"A brillant tour of what neuroscience teaches about perennial philosophical problems of self, knowledge, identity, and the nature of things. It's also a thrilling primer on how philosophy itself will change as it takes knowledge of brain science to heart. A wonderful treat for the novice and the expert!"--Owen Flanagan, James B. Duke Professor of Philosophy, Duke University

"This is a unique and effective introduction to brain science from the perspective of the basic issues that frame the discipline. This should be a terrific source for the student of philosophy because it explores to what extent fundamental philosophical questions can be illuminated by empirical inquiry."--Larry Squire, School of Medicine, University of California, San Diego, and VA Medical Center, San DiegoPlease note: Arrived too late to appear on book jacket.

About the Author

Patricia Smith Churchland is UC President's Professor of Philosophy at the University of California, San Diego, and Adjunct Professor at the Salk Institute.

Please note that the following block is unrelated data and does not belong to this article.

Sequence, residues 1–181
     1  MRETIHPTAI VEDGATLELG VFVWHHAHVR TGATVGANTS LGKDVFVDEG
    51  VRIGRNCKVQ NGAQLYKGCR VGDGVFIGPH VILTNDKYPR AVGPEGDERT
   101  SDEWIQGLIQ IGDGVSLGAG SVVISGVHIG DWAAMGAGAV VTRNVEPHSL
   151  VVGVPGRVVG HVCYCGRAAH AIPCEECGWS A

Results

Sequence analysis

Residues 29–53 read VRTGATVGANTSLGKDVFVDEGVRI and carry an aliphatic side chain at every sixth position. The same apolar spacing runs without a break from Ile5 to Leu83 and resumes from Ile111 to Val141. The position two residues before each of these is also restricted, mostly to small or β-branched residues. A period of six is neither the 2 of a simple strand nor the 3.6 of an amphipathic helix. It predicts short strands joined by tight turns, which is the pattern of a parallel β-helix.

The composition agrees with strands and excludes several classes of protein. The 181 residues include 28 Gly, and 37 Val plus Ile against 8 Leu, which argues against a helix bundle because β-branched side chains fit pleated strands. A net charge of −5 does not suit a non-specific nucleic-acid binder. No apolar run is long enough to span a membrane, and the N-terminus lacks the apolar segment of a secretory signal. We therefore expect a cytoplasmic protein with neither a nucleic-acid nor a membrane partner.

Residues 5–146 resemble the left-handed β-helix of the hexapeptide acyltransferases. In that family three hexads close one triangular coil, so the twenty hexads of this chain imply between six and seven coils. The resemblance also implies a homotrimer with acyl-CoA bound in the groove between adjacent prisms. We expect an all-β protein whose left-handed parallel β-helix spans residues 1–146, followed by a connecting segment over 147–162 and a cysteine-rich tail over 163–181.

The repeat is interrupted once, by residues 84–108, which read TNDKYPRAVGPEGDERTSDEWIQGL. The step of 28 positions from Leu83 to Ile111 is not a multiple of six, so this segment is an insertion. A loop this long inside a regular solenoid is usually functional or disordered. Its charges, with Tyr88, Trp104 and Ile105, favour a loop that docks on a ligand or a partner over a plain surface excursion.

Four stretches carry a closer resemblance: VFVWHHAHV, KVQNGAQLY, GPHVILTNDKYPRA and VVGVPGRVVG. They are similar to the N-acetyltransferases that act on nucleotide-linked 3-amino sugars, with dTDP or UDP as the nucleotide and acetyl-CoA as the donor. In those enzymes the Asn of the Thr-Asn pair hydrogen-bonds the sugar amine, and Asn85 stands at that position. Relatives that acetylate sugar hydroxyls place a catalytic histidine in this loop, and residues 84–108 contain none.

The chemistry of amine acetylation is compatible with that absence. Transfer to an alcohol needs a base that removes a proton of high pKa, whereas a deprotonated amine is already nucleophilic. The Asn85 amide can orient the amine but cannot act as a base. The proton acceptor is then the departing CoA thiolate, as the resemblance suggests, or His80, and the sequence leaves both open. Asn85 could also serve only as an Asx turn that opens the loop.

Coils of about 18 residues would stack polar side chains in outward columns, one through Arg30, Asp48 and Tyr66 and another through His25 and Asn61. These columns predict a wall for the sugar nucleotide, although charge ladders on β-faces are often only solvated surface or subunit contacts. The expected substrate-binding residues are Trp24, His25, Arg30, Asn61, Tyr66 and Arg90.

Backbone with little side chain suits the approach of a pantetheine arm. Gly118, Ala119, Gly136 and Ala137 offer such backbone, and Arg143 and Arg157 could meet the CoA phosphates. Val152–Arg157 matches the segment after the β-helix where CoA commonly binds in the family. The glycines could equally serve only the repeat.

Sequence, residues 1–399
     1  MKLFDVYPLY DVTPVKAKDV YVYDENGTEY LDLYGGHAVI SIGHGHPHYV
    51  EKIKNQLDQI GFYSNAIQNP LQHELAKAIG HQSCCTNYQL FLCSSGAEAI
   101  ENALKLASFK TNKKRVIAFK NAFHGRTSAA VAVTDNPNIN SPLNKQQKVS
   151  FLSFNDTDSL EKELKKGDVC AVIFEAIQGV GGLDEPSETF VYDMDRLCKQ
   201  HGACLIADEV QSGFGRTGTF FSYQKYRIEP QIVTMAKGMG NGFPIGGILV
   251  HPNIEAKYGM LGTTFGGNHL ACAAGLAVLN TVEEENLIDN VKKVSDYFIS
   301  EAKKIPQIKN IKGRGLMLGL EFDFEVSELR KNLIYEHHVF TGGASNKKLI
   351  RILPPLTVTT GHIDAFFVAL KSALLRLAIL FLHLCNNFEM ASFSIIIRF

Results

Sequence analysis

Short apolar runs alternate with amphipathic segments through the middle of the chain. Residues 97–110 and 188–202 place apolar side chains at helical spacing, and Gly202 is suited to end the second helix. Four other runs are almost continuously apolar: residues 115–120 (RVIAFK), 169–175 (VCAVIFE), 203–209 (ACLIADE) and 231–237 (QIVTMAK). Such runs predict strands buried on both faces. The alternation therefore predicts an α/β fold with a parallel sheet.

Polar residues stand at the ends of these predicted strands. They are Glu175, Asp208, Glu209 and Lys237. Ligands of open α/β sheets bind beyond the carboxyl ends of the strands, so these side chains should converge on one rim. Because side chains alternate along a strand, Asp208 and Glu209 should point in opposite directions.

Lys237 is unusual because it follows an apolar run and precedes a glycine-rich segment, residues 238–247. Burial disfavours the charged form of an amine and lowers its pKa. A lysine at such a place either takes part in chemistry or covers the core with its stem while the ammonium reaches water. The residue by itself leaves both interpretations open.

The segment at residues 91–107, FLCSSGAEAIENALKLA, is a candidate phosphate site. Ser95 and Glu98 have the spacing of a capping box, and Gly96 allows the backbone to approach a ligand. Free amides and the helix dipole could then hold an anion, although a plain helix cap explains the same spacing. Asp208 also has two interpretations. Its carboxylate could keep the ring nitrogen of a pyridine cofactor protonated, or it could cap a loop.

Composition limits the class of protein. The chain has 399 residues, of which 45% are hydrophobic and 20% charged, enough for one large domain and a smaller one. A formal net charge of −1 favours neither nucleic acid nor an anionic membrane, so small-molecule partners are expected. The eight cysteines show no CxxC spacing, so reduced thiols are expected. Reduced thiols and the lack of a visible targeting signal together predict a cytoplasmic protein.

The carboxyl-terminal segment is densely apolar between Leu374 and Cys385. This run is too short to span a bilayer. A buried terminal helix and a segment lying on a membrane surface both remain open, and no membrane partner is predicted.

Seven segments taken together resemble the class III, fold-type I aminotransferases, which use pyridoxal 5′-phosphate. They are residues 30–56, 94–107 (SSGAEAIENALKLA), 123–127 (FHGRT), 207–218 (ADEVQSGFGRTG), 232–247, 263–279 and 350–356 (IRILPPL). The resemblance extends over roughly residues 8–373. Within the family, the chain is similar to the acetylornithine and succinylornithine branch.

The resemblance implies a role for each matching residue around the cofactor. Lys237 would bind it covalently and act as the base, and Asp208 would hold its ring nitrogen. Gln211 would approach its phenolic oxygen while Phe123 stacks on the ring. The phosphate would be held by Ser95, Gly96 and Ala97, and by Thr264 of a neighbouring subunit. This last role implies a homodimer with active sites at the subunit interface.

Customer Reviews

Churchland offers the most comprehensive and understandable overview of these challenges currently in print.
Stephen A. Haines
Neurophilosophy is the branch that aims to ground philosophy of mind in neuroscience research, and this books is the best introduction to it out there.
Carlos Camara
She says that present scientific knowledge about the brain makes it implausible that there is any such thing as an immaterial mind or soul.
Rolf Dobelli

Most Helpful Customer Reviews

68 of 72 people found the following review helpful By Dr. Lee D. Carlson HALL OF FAMEVINE VOICE on May 13, 2003
Format: Paperback Verified Purchase